PG, Fishrot accused at odds over curators for assets

Efano: Werner Menges VE LI OMINGE …. Pius Mwatelulo, Sacky Shanghala naJames Hatuikulipi tava kundafana noohaende vavo vavali momangu ya kula mOvenduka shi nasha noshikumungu shoFishrot.

High Court judge Orben Sibeya will in about two weeks’ time give a ruling on the appointment of new curators to administer the assets of accused in the Fishrot fishing quotas fraud and corruption case that have been placed under a restraint order.

Sibeya heard oral arguments on the appointment of new curators in the Windhoek High Court yesterday, and at the end of the hearing postponed the delivery of his ruling on the issue to 19 February.

Prosecutor general Martha Imalwa and three of the accused in the Fishrot case – former attorney general and justice minister Sacky Shanghala, his business partner James Hatuikulipi and Pius Mwatelulo – are in a dispute about the appointment of new curators to take over the administration of assets first placed under a Prevention of Organised Crime Act restraint order in November 2020.

This is after the curators appointed to administer the assets affected by the restraint order, David Bruni and Ian McLaren, asked the court to terminate their appointment, as they do not have the capacity to carry out the work expected of them as curators. Bruni also informed the court in an affidavit that his and McLaren’s administration of the assets has been “marred with frustration”, which made effective management of the assets involved very difficult.

Sibeya ordered in August that the appointment of Bruni and McLaren would end with effect from the appointment of new curators to take their place.

In an affidavit filed at the High Court two weeks ago, Imalwa is now proposing that two South African curators, Johan Engelbrecht and Coenraad Stander, be appointed to take over from Bruni and McLaren.

Shanghala, Hatuikulipi and Mwatelulo are opposed to the appointment of the two South Africans, and are asking the court to appoint two directors of the Namibian accounting firm PKF Financial Consulting Services, Harald Hecht and Pierre Knoetze, as curators instead.

Imalwa has informed the court that Engelbrecht and Stander, who are based in Pretoria, are directors of the company Icon Curator Services and have experience as curators in several cases relating to South Africa’s Prevention of Organised Crime Act.

She also said while her office was unable to secure a nomination for a Namibian curator, Engelbrecht and Stander have indicated that they intend to appoint Windhoek-based lawyer Sylvia Kahengombe as their agent in Namibia.

In an affidavit filed at the court last week, Hatuikulipi said the appointment of curators based in South Africa would increase the costs of the administration of the restrained assets. He also said this would be “a serious and unjustified departure” from the practice that Namibian curators are appointed in Prevention of Organised Crime Act cases in Namibia.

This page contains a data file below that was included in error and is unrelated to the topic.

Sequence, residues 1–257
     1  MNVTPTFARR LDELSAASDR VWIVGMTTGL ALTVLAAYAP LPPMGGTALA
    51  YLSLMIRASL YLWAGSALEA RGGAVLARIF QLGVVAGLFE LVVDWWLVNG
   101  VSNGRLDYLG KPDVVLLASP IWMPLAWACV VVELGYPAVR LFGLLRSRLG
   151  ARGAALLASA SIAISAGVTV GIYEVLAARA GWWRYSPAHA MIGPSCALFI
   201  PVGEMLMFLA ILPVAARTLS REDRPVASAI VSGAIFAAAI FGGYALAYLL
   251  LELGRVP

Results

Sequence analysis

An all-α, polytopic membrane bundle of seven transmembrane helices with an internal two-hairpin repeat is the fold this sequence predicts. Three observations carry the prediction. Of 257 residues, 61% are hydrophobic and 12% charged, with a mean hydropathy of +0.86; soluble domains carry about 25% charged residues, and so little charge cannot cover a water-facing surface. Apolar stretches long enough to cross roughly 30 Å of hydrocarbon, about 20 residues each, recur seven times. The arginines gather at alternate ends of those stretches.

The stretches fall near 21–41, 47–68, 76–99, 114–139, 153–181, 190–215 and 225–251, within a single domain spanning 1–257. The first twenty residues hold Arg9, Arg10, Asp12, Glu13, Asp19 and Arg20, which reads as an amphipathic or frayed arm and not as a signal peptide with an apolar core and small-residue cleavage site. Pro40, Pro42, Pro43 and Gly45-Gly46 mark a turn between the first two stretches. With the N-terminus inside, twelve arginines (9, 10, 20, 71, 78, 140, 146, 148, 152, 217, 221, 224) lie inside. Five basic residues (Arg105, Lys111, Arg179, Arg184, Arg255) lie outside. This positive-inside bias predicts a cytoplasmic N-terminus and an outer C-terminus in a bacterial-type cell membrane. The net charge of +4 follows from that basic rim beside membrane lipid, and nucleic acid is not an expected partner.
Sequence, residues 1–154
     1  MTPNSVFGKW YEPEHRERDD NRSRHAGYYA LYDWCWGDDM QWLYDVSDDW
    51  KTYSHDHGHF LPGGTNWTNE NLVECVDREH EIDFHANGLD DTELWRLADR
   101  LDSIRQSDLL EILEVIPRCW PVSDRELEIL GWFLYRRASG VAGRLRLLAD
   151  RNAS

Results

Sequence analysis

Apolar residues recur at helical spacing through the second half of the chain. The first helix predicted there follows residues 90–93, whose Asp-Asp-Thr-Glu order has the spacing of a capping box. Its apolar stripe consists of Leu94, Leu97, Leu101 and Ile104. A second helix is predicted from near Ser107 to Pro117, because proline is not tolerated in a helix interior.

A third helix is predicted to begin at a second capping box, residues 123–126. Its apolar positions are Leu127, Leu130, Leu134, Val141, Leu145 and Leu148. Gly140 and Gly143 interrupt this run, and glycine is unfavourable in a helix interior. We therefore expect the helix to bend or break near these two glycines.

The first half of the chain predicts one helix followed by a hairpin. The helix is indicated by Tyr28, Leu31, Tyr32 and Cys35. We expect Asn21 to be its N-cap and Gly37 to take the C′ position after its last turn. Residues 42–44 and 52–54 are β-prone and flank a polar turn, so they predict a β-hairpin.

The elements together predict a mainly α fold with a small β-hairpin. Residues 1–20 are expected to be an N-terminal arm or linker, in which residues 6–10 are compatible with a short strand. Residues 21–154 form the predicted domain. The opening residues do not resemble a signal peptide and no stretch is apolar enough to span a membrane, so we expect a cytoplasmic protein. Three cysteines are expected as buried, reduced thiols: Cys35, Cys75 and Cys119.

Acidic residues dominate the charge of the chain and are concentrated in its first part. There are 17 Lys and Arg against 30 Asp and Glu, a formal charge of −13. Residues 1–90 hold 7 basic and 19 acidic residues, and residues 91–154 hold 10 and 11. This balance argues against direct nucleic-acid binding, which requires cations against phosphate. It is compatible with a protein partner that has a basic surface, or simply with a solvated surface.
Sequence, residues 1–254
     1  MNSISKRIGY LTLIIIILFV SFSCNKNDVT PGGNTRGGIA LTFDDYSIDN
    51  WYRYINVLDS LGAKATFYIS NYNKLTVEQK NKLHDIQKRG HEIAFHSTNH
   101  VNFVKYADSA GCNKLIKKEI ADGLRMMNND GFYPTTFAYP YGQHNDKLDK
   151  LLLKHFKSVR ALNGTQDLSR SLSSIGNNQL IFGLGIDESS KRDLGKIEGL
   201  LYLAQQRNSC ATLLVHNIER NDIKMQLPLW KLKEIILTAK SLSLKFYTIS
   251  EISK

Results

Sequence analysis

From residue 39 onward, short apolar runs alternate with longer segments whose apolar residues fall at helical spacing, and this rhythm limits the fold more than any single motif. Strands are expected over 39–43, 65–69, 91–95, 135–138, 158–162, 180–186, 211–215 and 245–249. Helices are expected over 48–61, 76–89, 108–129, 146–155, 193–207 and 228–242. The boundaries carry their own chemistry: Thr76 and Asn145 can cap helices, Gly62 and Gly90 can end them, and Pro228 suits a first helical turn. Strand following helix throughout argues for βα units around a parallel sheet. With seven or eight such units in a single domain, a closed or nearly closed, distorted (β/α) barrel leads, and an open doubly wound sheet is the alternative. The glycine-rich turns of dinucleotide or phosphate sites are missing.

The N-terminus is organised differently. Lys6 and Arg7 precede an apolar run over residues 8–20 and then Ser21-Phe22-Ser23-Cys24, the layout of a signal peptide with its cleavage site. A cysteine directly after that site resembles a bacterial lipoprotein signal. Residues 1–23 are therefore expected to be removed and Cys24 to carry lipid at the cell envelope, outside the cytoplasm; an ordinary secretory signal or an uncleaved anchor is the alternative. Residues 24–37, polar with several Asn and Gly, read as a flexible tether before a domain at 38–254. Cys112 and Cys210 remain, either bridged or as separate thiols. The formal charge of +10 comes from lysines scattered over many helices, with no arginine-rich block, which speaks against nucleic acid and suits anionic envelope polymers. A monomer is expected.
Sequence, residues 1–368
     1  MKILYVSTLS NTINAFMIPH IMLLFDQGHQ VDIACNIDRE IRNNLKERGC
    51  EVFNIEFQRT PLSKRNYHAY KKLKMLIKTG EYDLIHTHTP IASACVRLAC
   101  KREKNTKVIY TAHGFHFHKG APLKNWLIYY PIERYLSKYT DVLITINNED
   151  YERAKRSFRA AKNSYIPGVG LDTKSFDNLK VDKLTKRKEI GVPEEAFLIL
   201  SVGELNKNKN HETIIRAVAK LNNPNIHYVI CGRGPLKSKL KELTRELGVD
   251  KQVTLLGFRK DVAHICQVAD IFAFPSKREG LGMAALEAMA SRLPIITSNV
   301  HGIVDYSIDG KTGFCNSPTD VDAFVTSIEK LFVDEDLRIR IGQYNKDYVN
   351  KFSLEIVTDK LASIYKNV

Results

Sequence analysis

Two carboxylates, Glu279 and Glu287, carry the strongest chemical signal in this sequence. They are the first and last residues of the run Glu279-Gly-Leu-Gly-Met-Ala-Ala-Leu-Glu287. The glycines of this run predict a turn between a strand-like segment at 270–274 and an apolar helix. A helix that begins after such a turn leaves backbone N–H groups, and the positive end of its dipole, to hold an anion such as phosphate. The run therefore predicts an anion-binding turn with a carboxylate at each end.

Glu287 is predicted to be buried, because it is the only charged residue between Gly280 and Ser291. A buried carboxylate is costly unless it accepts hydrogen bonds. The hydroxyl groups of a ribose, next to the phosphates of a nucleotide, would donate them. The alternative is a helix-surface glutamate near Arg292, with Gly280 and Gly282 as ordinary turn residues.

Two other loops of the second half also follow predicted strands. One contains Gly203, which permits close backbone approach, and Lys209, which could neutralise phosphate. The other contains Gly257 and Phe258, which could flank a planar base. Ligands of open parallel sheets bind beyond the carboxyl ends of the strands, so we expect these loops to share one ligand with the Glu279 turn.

The curators’ tasks would be performed more effectively, quicker and more painlessly by persons associated with a Namibian firm like PKF Financial Consulting Services, Hatuikulipi said as well.

During the hearing yesterday, state advocate Mariëtte Boonzaier argued that preconditions set by Hecht and Knoetze, who have said they should be paid for their services on a bi-monthly or quarterly basis, are contrary to what is stated in the Prevention of Organised Crime Act and regulations under it.

She argued that according to the act and its regulations, curators’ fees should be paid from the proceeds of confiscated assets or by the state, if no confiscation order is made – that is, after the confiscation phase of a case.

The curators’ expenses can be paid from the restrained assets, though, Boonzaier argued.

On behalf of Shanghala, Hatuikulipi and Mwatelulo, senior counsel Vas Soni argued that the act and the property restraint order granted by the court provide for the payment of the curators’ fees in the manner that Hecht and Knoetze have said they would prefer.

There is no provision in the act that precludes the payment of the curators’ fees and expenses from the income derived from the restrained assets, prior to the conclusion of a criminal trial, Soni argued as well.

He added that there is no legitimate basis on which the appointment of Hecht and Knoetze as curators can be opposed.

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